Tag Archives: tom price

Senators demand answers about possible probe of HHS Secretary Price

Nine senators are pushing U.S. Attorney General Jeff Sessions to reveal what he knows about a reported investigation into Health and Human Services Secretary Tom Price’s stock trades that a top federal prosecutor might have begun before being fired by the Trump administration this month.

In a letter Wednesday, seven senators — six Democrats plus Vermont independent Bernie Sanders — called on Sessions to assure them that any investigation of Price — or others connected to the Trump administration — would be “allowed to continue unimpeded.”

Three Democratic senators sent a different letter a day earlier, asking Sessions to “provide greater clarity” about why Manhattan’s former U.S. attorney, Preet Bharara, was fired and whether any investigation of Price was a factor in Bharara’s removal.

ProPublica, a nonprofit news organization, reported March 17 that Price was being investigated by the U.S. attorney’s office for his stock trades, though it did not specify which trades Bharara was investigating before his dismissal. The website attributed its report to an unnamed person familiar with the U.S. attorney’s office, and neither the Justice Department nor other news media organizations have confirmed its existence.

If an investigation had begun, it would be hard to derail. But investigations of federal officials are always sensitive cases, said Donald Langevoort, a securities law professor at Georgetown University.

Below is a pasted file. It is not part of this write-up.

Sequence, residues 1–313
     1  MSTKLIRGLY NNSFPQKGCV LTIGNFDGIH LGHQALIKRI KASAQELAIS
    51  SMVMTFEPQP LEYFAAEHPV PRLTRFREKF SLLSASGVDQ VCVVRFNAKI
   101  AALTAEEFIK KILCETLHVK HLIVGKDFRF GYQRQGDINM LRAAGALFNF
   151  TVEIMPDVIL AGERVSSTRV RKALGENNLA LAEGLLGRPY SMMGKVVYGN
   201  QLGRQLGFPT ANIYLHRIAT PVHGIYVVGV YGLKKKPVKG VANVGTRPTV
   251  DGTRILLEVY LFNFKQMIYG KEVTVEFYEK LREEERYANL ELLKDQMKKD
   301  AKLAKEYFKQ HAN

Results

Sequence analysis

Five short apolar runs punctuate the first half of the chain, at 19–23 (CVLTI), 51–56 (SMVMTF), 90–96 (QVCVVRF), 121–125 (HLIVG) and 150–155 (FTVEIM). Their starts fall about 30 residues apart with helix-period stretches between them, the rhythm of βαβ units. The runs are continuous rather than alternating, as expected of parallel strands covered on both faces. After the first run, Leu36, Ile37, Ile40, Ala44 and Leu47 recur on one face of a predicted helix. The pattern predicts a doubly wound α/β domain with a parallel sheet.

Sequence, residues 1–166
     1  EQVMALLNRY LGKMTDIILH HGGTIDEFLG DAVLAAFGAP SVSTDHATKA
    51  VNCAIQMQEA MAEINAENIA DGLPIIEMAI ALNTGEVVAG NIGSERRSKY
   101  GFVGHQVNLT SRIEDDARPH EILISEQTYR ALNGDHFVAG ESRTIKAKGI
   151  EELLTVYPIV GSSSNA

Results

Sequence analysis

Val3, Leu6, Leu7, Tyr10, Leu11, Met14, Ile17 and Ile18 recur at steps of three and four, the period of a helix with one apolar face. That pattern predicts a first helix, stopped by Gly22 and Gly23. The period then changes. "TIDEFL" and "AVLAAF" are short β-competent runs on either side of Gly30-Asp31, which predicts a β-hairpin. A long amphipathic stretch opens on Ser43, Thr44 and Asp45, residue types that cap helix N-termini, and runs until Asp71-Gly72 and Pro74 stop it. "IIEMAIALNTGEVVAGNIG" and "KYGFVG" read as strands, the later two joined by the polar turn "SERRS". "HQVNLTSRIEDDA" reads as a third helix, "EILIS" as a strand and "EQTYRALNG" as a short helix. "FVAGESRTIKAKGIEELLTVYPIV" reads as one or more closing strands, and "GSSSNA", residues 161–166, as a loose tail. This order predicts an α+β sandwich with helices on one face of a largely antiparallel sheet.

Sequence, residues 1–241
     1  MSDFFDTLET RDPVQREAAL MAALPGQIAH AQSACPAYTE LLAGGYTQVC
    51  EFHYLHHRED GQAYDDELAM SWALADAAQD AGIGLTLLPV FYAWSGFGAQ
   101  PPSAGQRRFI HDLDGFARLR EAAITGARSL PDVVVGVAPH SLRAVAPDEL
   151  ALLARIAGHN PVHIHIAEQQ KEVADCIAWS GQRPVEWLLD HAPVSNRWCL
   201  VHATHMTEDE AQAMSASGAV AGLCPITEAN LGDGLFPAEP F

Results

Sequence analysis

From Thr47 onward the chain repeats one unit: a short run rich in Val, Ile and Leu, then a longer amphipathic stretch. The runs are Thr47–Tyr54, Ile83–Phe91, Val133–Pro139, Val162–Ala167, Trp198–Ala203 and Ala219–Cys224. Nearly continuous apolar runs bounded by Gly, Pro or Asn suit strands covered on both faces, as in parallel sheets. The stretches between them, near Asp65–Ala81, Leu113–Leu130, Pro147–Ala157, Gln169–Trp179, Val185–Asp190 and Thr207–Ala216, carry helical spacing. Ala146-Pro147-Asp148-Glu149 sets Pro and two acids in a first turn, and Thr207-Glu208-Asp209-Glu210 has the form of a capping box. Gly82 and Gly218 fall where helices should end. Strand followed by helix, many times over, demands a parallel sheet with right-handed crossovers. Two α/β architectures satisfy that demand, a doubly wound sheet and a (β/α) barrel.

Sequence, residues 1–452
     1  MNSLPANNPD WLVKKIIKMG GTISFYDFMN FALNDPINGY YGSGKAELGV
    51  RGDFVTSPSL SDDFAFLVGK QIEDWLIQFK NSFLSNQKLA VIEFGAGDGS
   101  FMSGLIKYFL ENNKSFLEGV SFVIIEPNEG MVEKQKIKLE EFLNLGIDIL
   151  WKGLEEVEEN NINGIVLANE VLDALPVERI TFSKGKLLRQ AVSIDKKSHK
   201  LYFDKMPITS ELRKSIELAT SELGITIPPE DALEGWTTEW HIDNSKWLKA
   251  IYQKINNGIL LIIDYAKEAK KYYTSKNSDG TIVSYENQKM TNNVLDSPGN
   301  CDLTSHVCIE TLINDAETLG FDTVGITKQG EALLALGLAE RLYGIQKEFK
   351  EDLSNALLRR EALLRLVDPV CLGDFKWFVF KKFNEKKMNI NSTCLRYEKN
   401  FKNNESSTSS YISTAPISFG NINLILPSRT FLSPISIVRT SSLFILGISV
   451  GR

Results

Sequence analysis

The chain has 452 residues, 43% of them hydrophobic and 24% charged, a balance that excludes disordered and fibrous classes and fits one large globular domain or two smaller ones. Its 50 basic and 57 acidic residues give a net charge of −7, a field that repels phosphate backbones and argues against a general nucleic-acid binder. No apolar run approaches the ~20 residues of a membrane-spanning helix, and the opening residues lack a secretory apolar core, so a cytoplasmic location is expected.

“The higher up the food chain you go, the more prominent the person is, the more confident you better be that you have the evidence you can present to a jury,” he said. “But I think any attempt to quash an investigation would backfire considerably.”

Price, a prominent Republican congressman until he joined President Donald Trump’s Cabinet this year, was questioned extensively at his confirmation hearings about stock purchases he made in health care, pharmaceutical and medical device companies while serving on the House of Representatives’ health subcommittee.

The activity raised conflict-of-interest concerns for some members of Congress because Price’s trades overlapped with his sponsorship of bills, advocacy or votes on issues related to those companies or their industries.

The Democrats  called attention to Price’s investment in a small Australian biotech firm, Innate Immunotherapeutics, which Price testified he learned about from another congressman, Rep. Chris Collins (R-N.Y.), Innate’s largest shareholder.

Price bought most of his shares at discounted prices in two private stock placements in 2016 offered to a small number of sophisticated investors — many with personal or professional ties to Collins.

Congressional Democrats slammed Price at his hearings for buying shares at advantageous prices not available to all investors. Some questioned whether Price had violated insider trading laws or the Stop Trading on Congressional Knowledge (STOCK) Act, which bans members of Congress from trading on stocks using information they received in carrying out their official duties.

“Despite the many unanswered questions that remained, Republicans rushed Price’s nomination through the Senate without waiting for answers,” seven senators said in Wednesday’s letter.

When he was confirmed Feb. 10, Price agreed to divest his stock holdings within 90 days of  taking his post. An HHS spokesperson said Price has completed those divestitures but declined to provide further information.

Sen. Elizabeth Warren (D-Mass.) was the only senator who signed both letters to Sessions.

Other names on Wednesday’s letter were Patty Murray (D-Wash.), Ron Wyden (D-Ore.), Bernie Sanders (I-Vt.), Al Franken (D-Minn.), Tammy Baldwin (D-Wis.) and Maggie Hassan (D-N.H.).

Tuesday’s letter was also signed by Richard Blumenthal (D-Conn.) and Jeff Merkley (D-Ore.).